Associations between daily total physical activity level by total METs/day score and total cancer incidence are shown in table 2. Upon multivariate adjustment, compared with subjects in the lowest quartile, increased daily total physical activity was significantly associated with a decreased risk of cancer incidence in both men and women. In men, hazard ratios in the second, third, and highest quartiles were 1.00 (95 percent confidence interval (CI): 0.90, 1.11), 0.96 (95 percent CI: 0.86, 1.07), and 0.87 (95 percent CI: 0.78, 0.96), respectively (p for trend = 0.005); in women, they were 0.93 (95 percent CI: 0.82, 1.05), 0.84 (95 percent CI: 0.73, 0.96), and 0.84 (95 percent CI: 0.73, 0.97), respectively (p for trend = 0.007). Our estimates also showed that the risk decreased by 7 percent in men and 10 percent in women with each 10-MET/day increase in physical activity level. The results did not differ substantially after exclusion of early cancer cases—those occurring within 3 years of the starting point—or after further exclusion of subjects with very low physical activity levels (<23 METs/day; 2 percent of subjects), considered to result from poor physical condition. On further estimation of the population attributable fraction (18) from our results, 4.5 percent of cases in men and 5.5 percent of cases in women were considered to have been preventable if the persons in the lowest physical activity category had increased their activity to a higher level.

TABLE 2.

Hazard ratios for total cancer incidence according to daily total physical activity level (n = 79,771), Japan Public Health Center-based Prospective Study, 1995–2004

Quartile of physical activity level (quartile of METs*/day score) No. of subjects Person-years of follow-up Total
 
Excluding cases diagnosed within first 3 years
 
No. of cases HR1*† 95% CI* HR2‡ 95% CI No. of cases HR1 95% CI HR2 95% CI 
Men (n = 37,898)   (n = 2,704) (n = 1,804) 
    Lowest 12,966 92,421 921 1.00 Reference 1.00 Reference 604 1.00 Reference 1.00 Reference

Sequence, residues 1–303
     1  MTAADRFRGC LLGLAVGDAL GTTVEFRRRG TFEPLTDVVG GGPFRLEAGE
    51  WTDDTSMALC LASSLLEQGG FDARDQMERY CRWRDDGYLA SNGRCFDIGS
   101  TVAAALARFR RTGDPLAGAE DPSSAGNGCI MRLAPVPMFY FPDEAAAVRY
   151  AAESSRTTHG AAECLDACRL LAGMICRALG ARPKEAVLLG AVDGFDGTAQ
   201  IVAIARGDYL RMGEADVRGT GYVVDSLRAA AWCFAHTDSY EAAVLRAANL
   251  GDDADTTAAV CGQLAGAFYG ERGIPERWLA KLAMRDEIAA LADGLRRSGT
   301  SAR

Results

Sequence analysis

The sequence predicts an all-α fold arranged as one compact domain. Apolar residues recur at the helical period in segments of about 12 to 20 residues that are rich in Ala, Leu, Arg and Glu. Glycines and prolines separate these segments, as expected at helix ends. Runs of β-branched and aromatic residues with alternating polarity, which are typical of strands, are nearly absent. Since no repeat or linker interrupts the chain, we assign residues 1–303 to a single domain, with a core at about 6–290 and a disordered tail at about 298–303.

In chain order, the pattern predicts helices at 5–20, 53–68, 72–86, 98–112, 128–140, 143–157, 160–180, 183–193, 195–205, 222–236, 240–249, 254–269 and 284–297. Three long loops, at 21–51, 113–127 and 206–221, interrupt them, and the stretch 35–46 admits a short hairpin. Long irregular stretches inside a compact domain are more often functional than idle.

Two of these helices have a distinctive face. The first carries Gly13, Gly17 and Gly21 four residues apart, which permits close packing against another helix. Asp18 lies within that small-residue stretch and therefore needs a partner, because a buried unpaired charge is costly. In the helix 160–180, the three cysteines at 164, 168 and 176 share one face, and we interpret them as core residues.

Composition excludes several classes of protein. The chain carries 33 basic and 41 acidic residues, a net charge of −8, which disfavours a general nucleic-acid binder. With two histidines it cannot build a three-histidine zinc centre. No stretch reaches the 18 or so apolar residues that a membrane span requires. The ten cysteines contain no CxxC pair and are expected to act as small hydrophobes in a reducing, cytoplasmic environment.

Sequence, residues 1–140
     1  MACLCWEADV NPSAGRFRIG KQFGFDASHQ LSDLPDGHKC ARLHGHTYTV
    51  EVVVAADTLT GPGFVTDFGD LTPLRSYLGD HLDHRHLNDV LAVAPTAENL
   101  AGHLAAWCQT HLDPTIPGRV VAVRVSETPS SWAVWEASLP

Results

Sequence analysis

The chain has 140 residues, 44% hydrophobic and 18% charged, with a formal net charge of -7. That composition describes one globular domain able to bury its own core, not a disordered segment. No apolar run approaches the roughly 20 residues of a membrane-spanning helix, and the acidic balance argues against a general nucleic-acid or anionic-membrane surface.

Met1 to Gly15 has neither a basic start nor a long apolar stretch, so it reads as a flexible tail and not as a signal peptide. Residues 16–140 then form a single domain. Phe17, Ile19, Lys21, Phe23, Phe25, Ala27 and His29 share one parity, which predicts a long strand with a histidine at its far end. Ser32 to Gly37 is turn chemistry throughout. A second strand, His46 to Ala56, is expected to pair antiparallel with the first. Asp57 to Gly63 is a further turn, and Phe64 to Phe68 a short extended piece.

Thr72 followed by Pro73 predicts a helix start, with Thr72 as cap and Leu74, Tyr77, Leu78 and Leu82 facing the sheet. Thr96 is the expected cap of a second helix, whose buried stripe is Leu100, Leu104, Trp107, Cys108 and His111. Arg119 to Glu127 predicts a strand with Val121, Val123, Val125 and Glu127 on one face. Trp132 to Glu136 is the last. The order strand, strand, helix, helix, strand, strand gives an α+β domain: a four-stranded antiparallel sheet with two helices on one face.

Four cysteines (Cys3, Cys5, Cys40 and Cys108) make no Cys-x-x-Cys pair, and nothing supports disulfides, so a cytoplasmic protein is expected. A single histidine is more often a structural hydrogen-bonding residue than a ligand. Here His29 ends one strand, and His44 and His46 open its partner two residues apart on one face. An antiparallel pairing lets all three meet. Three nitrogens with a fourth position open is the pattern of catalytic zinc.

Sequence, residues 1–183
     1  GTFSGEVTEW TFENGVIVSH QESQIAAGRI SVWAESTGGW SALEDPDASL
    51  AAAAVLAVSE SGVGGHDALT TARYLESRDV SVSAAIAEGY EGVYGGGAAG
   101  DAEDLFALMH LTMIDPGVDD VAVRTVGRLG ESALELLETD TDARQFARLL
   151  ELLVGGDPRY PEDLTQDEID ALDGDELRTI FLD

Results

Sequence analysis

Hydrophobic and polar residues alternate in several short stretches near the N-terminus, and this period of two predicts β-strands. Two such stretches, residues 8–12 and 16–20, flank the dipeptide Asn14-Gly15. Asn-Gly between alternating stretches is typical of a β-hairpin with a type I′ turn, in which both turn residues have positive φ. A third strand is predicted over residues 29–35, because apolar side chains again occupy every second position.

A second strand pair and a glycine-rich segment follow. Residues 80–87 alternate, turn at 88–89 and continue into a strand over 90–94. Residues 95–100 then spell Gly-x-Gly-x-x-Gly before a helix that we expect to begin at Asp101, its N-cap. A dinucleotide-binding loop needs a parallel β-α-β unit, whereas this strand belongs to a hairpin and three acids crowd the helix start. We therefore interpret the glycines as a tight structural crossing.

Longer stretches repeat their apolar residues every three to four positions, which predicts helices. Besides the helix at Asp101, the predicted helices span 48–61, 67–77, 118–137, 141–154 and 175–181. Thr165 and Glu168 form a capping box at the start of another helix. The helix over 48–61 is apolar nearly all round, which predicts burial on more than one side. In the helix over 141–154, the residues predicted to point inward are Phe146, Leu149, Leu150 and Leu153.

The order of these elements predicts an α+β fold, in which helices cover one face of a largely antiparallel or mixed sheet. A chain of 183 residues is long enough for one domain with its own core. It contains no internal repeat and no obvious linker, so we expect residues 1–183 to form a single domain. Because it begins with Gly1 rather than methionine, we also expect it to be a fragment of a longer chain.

Second 7,822 57,957 575 1.00 0.90, 1.10 1.00 0.90, 1.11 381 0.98 0.86, 1.11 0.98 0.86, 1.11 
    Third 7,579 56,512 574 0.96 0.86, 1.06 0.96 0.86, 1.07 386 0.95 0.83, 1.08 0.95 0.83, 1.08 
    Highest 9,531 72,841 634 0.87 0.79, 0.96 0.87 0.78, 0.96 433 0.86 0.76, 0.97 0.86 0.76, 0.98 
        p for trend    0.006 0.005  0.015 0.017 
    Per 1-MET increase    0.99 0.99, 0.998 0.99 0.99, 0.998  0.99 0.99, 0.999 0.99 0.99, 0.999 
    Per 10-MET increase    0.93 0.88, 0.99 0.93 0.88, 0.99  0.93 0.87, 0.996 0.93 0.87, 0.997 
Women (n = 41,873)   (n = 1,630) (n = 1,056) 
    Lowest 13,277 99,385 569 1.00 Reference 1.00 Reference 368 1.00 Reference 1.00 Reference 
    Second 10,838 83,644 428 0.92 0.81, 1.04 0.93 0.82, 1.05 290 0.94 0.81, 1.10 0.94 0.81, 1.10 
    Third 9,663 74,073 350 0.84 0.73, 0.96 0.84 0.73, 0.96 222 0.80 0.68, 0.95 0.79 0.67, 0.94 
    Highest 8,095 62,284 283 0.83 0.72, 0.96 0.84 0.73, 0.97 176 0.78 0.65, 0.93 0.78 0.65, 0.94 
        p for trend    0.004 0.007  0.002 0.002 
    Per 1-MET increase    0.99 0.98, 0.997 0.99 0.98, 0.997  0.98 0.97, 0.995 0.98 0.97, 0.995 
    Per 10-MET increase    0.89 0.82, 0.97 0.90 0.82, 0.98  0.85 0.77, 0.95 0.85 0.77, 0.95 
Quartile of physical activity level (quartile of METs*/day score) No. of subjects Person-years of follow-up Total
 
Excluding cases diagnosed within first 3 years
 
No. of cases HR1*† 95% CI* HR2‡ 95% CI No. of cases HR1 95% CI HR2 95% CI 
Men (n = 37,898)   (n = 2,704) (n = 1,804) 
    Lowest 12,966 92,421 921 1.00 Reference 1.00 Reference 604 1.00 Reference 1.00 Reference 
    Second 7,822 57,957 575 1.00 0.90, 1.10 1.00 0.90, 1.11 381 0.98 0.86, 1.11 0.98 0.86, 1.11 
    Third 7,579 56,512 574 0.96 0.86, 1.06 0.96 0.86, 1.07 386 0.95 0.83, 1.08 0.95 0.83, 1.08 
    Highest 9,531 72,841 634 0.87 0.79, 0.96 0.87 0.78, 0.96 433 0.86 0.76, 0.97 0.86 0.76, 0.98 
        p for trend    0.006 0.005  0.015 0.017 
    Per 1-MET increase    0.99 0.99, 0.998 0.99 0.99, 0.998  0.99 0.99, 0.999 0.99 0.99, 0.999 
    Per 10-MET increase    0.93 0.88, 0.99 0.93 0.88, 0.99  0.93 0.87, 0.996 0.93 0.87, 0.997 
Women (n = 41,873)   (n = 1,630) (n = 1,056) 
    Lowest 13,277 99,385 569 1.00 Reference 1.00 Reference 368 1.00 Reference 1.00 Reference 
    Second 10,838 83,644 428 0.92 0.81, 1.04 0.93 0.82, 1.05 290 0.94 0.81, 1.10 0.94 0.81, 1.10 
    Third 9,663 74,073 350 0.84 0.73, 0.96 0.84 0.73, 0.96 222 0.80 0.68, 0.95 0.79 0.67, 0.94